“ HEBREWS X. 19, 20. The spirit of man is concealed by the veil of the flesh: the spiritual things of the law, the holy of holies, were concealed by the veil of the temple. Christ is the end and sum of the whole; and as the high-priest entered into the holy of holies by the veil of the temple under the law, so we can only enter into the holiest by the blood of Jesus,' by the veil of his flesh, or incarnation, of which the veil of the temple was a striking type. And never did type and antitype more completely harmonize with each other, and prove their relation : for when Christ exclaimed upon the cross, “It is finished,' and gave up the ghost—when the veil of his flesh was rent, the veil of the temple was rent at the same moment. The former entrance into the holy of holies, which was only temporary and typical, then vanished-and the new and living way,' the way everlasting, was then opened; and what under the old dispensation was only open to the high-priest, and that but once a year, was, from that moment, open to us all, and open for all times and all occasions—a consecrated way, in which we are exhorted to enter with all boldness, in full assurance of faith; having our hearts first sprinkled from an evil conscience, and our bodies washed with pure water.'”
“Genesis ii. 23, 24. Under the figurative language contained in these two verses is a concealed representation of the whole mystery of the gospel -the union of Christ with the church, the glorious bride, that in the fulness of the times he will present to himself, free from spot or wrinkle, holy and without blemish. St. Paul expressly tells us, Eph. v. 30, 31, that this momentous fact is here referred to, and spoken of in veiled or esoteric language. It is the first reference in the Old Testament—the earliest history of man, therefore, opens with it; it was the mystery of Paradise the hidden wisdom which God ordained before the world unto his own glory.'”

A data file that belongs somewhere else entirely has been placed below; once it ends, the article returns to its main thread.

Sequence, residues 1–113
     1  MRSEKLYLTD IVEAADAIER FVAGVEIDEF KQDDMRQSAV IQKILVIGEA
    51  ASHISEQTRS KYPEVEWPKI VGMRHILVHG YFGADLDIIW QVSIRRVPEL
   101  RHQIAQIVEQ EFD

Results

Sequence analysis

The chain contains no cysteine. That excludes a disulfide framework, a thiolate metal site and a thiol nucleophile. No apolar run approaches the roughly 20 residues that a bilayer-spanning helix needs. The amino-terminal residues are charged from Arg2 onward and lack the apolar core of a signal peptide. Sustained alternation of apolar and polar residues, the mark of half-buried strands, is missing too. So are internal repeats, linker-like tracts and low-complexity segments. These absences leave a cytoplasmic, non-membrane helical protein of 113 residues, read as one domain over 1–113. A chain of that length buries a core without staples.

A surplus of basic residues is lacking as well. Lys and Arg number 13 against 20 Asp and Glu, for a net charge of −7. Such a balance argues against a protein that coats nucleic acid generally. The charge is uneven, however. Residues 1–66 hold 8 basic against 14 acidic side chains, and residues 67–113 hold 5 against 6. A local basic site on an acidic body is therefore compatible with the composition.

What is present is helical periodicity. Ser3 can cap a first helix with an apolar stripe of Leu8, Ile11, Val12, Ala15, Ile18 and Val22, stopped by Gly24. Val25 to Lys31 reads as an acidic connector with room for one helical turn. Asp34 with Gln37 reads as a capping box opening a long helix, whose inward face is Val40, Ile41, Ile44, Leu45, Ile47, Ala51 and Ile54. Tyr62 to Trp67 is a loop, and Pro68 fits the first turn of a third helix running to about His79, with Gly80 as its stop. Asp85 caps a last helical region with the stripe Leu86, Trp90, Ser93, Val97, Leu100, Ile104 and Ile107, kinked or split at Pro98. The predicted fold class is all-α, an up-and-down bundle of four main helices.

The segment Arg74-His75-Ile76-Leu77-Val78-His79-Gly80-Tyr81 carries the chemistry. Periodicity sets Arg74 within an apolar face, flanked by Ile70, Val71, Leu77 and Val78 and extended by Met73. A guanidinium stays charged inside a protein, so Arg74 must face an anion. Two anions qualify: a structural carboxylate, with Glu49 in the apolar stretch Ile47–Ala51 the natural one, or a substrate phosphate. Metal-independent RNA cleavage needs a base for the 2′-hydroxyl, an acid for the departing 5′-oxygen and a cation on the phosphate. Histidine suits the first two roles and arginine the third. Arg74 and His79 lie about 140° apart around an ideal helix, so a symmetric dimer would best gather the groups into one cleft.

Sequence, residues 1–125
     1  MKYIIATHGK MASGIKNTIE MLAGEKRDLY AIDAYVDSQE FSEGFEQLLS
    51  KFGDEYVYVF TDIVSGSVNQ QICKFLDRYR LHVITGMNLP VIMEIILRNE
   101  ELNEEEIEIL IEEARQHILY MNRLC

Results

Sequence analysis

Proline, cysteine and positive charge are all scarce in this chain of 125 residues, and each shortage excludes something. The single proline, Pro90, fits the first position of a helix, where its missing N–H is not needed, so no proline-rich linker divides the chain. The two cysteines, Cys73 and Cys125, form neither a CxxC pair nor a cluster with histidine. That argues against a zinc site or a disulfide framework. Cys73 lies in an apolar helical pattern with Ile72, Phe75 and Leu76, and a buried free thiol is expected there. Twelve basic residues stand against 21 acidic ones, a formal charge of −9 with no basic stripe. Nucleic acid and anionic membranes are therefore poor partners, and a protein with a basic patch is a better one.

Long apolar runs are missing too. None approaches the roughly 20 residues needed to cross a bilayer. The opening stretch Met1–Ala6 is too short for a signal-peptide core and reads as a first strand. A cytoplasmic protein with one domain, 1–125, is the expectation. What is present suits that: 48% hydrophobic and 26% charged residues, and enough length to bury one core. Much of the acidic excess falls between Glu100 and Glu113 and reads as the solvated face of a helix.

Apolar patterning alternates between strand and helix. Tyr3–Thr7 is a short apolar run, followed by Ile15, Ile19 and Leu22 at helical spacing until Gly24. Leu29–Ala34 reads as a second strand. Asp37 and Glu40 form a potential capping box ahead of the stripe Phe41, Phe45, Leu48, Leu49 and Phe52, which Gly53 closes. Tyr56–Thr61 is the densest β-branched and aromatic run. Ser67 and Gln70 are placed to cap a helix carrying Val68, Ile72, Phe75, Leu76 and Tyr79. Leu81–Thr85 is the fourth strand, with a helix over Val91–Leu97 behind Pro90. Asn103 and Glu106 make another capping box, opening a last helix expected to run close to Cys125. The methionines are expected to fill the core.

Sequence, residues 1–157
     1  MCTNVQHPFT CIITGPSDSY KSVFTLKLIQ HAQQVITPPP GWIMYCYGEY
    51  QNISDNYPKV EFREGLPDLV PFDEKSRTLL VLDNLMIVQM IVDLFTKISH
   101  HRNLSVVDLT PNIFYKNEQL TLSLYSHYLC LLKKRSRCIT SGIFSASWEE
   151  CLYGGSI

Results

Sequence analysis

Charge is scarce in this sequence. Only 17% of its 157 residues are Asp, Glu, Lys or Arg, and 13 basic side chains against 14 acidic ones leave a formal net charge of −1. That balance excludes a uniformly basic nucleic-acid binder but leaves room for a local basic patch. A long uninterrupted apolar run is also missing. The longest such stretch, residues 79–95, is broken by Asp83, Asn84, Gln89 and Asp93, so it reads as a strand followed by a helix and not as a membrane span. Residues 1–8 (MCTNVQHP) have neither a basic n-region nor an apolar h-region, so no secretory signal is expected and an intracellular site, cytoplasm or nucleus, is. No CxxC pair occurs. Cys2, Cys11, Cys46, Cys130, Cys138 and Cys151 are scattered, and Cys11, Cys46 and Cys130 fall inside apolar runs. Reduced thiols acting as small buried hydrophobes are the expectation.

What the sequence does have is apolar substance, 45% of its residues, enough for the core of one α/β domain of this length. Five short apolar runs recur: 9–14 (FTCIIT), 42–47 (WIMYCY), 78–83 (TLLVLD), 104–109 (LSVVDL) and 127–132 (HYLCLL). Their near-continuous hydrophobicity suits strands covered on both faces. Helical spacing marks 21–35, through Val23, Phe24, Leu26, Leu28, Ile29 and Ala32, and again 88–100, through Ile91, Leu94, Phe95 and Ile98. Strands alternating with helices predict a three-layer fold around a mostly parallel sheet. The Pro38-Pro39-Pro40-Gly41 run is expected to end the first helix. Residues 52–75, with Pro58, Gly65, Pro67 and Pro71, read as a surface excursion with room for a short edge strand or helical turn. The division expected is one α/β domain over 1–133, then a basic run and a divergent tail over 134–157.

“Genesis iii. 7. And the eyes of them both were opened, and they knew that they were naked, and they sewed fig-leaves," &c.
“It is so in every age and every part of the world. The moment a man becomes consciously guilty, his eyes are opened to the knowledge of evil; -he feels himself naked, and seeks a cover or a hiding-place: he is full of shame, and cannot endure to be looked at even by his fellows ;-he endeavours by some flimsy pretext, some apron of fig-leaves, to screen either himself or the deed he has committed from their eyes. But most of all does he feel his nakedness before God, and endeavour to hide from his presence. Happy, indeed, is he, who, with this consciousness of guilt and shame, is able by any means to discern a covering that may conceal the
naked deformity of his person from the penetrating eye of his Maker. One such covering there is, and but one, and blessed is he who is permitted to lay hold of it, and to put it on-it is the robe of the Redeemer's righteousness."
For the same purpose, we here insert a specimen of his devotional poetry; not so much for its poetic merit, as for the distinct and decided expression of sentiment it contains.
IN THE BEGINNING WAS THE WORD; AND THE WORD WAS WITH GOD,
O WORD! O WISDOM! heaven's high theme!
Now, REASON! trim thy brightest lamp,
View nature through-and, from the round
Th' abyss of things concealed.
Hold, and affirm that God must heed
Prove by the plummet, rule, and line,
That MAN could ne'er be half divine
That he who holds the worlds in awe,